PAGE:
One week ago, Microsoft announced its updated Windows tablet lineup, the Surface 2 and the Surface Pro 2. The announcement was greeted with little fanfare, but proved that Microsoft is pushing ahead with its tablet plans, despite the failure of the first generation of Surface tablets. The company took a $900 million inventory adjustment in its latest quarterly report due to an abundance of unsold Surface RT tablets.
Now it's looking as if the second-generation Surface tablets might suffer the same fate as their predecessors. A new DigiTimes Research report is predicting that the new Surface tablets will not help Microsoft make inroads into the tablet market.
The most obvious reason for this prediction is price. DigiTimes points out that even less expensive Windows 8 tablets from other manufacturers have failed to ignite sales of the devices. The Surface 2's $449 price is unlikely to make it competitive with a variety of less-expensive tablets.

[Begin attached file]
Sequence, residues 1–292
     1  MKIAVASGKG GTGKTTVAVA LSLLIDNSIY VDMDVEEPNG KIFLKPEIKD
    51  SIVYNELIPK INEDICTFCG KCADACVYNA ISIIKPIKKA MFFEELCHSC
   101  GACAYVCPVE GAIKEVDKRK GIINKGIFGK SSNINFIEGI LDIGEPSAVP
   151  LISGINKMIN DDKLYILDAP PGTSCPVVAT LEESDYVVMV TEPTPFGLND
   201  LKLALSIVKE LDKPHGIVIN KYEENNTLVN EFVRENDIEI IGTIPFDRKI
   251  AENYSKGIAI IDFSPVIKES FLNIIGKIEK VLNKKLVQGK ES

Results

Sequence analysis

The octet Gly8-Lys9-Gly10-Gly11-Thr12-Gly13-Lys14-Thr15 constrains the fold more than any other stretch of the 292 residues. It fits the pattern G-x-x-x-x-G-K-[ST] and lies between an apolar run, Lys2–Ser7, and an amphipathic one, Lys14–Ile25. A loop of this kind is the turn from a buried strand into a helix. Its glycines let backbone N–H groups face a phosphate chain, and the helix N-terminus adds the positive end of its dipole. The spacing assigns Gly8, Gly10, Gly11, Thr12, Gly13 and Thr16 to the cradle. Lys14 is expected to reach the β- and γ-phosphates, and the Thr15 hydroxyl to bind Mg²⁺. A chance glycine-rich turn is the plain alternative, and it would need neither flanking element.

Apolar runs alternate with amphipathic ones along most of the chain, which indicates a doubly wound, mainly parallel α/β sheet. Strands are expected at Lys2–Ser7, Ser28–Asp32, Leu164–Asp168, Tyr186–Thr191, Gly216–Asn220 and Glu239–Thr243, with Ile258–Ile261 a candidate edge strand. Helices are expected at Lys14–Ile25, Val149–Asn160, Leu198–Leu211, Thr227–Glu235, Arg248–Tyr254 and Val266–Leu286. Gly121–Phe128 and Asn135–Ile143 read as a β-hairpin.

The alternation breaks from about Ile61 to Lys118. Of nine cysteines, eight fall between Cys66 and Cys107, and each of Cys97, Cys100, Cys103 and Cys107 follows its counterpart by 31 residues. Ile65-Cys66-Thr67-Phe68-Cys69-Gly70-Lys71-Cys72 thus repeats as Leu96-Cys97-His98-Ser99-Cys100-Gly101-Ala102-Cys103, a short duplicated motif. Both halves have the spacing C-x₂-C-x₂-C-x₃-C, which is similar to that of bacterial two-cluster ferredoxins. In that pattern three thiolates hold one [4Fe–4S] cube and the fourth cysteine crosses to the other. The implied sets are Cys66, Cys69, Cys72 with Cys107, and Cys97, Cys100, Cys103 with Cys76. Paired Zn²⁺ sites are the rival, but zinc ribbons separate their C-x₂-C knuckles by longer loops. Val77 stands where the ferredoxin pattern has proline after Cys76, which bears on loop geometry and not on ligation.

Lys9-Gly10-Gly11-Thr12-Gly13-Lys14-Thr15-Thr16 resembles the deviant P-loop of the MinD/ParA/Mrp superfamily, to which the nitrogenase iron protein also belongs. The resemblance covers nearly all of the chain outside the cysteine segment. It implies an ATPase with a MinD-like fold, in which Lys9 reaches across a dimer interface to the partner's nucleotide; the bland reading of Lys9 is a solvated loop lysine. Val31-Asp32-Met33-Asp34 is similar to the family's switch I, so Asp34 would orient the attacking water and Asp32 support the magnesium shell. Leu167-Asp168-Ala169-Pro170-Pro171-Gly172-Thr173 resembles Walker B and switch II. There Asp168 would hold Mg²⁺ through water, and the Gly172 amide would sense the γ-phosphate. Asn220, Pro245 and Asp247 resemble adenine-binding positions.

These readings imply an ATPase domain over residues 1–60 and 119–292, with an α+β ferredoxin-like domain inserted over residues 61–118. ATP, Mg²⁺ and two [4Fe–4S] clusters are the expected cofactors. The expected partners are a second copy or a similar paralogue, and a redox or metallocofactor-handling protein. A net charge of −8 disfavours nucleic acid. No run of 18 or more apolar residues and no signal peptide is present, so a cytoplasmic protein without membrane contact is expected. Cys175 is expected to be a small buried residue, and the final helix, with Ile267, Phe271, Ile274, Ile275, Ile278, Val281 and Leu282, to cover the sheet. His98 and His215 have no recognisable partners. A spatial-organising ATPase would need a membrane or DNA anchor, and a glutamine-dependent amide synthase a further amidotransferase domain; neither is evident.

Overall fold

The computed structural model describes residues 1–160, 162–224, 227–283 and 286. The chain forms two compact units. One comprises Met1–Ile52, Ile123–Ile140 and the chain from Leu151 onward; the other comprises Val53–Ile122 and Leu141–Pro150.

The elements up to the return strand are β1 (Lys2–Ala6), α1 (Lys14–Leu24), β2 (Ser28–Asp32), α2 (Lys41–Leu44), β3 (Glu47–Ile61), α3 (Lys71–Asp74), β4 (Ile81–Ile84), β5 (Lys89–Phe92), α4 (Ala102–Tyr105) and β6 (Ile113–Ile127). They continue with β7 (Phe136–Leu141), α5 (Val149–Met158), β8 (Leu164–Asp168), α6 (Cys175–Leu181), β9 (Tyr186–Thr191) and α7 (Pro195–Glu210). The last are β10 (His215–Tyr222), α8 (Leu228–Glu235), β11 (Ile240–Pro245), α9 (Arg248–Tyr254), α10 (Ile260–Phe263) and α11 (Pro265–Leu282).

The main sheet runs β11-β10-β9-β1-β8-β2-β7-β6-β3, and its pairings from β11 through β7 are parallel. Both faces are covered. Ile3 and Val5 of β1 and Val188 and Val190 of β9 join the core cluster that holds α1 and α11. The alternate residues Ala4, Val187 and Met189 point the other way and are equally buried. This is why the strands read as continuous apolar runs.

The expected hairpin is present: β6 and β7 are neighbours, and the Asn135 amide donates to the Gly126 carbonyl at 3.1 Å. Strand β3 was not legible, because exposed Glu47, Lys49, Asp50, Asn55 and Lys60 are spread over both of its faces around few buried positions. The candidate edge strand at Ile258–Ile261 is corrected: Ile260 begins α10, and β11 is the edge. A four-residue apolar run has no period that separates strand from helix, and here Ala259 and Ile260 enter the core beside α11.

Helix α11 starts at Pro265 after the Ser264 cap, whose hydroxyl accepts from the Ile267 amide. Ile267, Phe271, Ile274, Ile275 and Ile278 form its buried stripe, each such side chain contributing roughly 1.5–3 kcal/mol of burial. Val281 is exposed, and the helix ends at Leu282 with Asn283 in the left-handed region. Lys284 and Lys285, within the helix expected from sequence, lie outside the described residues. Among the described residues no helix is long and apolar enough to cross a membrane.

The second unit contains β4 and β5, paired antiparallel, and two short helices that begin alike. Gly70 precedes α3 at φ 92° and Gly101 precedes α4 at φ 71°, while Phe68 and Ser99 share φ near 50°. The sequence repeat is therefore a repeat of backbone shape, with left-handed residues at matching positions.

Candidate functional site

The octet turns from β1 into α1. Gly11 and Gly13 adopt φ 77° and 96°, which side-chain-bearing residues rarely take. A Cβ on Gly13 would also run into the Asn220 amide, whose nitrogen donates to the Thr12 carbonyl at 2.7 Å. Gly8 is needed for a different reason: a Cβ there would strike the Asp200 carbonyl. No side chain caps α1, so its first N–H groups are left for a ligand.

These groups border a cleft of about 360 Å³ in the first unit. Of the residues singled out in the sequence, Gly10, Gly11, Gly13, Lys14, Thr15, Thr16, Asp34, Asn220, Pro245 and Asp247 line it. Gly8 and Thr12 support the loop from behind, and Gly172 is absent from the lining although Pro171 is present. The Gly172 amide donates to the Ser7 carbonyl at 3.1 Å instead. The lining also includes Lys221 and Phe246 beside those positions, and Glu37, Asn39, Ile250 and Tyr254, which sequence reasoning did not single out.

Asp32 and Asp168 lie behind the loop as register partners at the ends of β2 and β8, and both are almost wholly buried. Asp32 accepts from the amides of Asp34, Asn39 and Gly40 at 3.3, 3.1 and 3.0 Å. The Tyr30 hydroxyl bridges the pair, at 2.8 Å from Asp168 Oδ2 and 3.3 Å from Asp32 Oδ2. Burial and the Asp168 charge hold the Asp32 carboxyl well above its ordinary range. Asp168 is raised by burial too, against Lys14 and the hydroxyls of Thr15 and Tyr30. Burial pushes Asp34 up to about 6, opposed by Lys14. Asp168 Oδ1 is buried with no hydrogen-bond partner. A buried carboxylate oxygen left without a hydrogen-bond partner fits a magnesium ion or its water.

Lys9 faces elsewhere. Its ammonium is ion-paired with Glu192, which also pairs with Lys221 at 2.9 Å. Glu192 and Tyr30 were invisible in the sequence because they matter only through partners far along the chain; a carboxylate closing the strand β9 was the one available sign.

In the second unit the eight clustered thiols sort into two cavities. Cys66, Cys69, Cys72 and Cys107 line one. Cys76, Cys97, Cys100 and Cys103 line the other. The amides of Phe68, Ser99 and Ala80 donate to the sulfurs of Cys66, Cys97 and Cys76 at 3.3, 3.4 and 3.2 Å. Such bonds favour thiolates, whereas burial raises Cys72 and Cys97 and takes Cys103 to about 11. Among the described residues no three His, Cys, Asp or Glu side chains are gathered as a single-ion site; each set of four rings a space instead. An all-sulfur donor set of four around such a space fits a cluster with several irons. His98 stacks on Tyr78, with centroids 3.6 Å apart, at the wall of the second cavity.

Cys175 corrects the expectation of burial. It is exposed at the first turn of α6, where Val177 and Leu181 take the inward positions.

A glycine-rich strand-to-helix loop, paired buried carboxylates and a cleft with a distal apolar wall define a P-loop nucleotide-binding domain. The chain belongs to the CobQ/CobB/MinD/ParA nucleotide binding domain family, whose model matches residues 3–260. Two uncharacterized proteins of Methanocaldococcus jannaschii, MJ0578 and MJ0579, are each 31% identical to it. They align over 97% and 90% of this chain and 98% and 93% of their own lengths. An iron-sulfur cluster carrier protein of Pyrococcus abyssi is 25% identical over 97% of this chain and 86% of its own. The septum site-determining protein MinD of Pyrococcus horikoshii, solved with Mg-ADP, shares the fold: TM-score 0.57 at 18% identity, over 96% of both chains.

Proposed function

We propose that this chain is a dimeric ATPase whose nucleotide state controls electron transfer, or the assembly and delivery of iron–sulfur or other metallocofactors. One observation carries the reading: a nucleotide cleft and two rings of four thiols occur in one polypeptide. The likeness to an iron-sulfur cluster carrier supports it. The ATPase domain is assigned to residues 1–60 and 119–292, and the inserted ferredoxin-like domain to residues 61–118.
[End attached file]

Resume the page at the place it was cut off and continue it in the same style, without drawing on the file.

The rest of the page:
Some other factors were also mentioned. These include the fact that Nokia (which Microsoft just acquired) is set to release new Windows 8 Lumia tablets soon, and the assertion that Microsoft Office is also experiencing slow adoption on mobile devices.
Though these factors certainly play a role the main problem, according to DigiTimes, is that Microsoft is using its PC OS as the jumping-off point for its mobile development. With PC sales now falling, Microsoft could be left struggling in the mobile sector.
(Image courtesy Microsoft)